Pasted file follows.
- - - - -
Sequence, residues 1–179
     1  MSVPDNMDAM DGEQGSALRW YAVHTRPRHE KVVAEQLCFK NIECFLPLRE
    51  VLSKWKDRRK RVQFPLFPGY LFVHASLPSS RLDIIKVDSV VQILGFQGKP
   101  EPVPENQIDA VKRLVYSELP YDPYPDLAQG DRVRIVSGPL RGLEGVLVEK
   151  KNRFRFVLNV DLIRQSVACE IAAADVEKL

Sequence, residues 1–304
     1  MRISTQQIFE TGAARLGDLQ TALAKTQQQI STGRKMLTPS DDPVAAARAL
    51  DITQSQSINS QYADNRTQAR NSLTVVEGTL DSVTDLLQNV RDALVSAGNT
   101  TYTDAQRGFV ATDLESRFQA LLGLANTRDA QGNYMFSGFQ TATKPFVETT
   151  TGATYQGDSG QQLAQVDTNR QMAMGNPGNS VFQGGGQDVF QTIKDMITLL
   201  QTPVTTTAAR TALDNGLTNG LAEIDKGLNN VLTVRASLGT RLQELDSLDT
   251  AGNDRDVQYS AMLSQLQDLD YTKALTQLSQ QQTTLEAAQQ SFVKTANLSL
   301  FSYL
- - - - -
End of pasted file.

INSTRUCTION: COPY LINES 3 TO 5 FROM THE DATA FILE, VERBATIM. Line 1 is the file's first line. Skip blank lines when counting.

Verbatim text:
    51  VLSKWKDRRK RVQFPLFPGY LFVHASLPSS RLDIIKVDSV VQILGFQGKP
   101  EPVPENQIDA VKRLVYSELP YDPYPDLAQG DRVRIVSGPL RGLEGVLVEK
   151  KNRFRFVLNV DLIRQSVACE IAAADVEKL